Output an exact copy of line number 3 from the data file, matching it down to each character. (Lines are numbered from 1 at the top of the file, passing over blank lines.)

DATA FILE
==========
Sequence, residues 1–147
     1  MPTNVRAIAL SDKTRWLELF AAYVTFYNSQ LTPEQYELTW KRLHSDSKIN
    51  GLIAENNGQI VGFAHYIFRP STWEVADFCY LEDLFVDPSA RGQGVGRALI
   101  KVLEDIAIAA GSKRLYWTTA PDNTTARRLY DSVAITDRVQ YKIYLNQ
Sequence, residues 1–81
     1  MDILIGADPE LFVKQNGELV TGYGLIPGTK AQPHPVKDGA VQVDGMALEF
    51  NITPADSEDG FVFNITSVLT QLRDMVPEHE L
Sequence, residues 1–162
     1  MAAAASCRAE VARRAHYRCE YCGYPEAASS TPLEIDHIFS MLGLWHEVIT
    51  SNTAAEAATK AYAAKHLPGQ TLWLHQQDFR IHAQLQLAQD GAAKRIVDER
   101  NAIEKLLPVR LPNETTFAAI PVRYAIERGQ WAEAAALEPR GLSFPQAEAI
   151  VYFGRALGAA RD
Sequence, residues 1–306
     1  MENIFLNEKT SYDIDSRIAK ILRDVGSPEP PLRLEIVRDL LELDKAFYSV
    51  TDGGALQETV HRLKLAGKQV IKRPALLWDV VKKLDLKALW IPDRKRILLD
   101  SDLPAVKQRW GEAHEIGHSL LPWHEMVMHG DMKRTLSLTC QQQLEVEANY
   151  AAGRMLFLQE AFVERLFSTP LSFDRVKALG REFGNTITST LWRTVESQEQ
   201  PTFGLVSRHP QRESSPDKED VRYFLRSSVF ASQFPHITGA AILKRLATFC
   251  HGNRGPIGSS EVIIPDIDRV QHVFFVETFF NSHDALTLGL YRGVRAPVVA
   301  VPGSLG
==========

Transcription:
    51  GLIAENNGQI VGFAHYIFRP STWEVADFCY LEDLFVDPSA RGQGVGRALI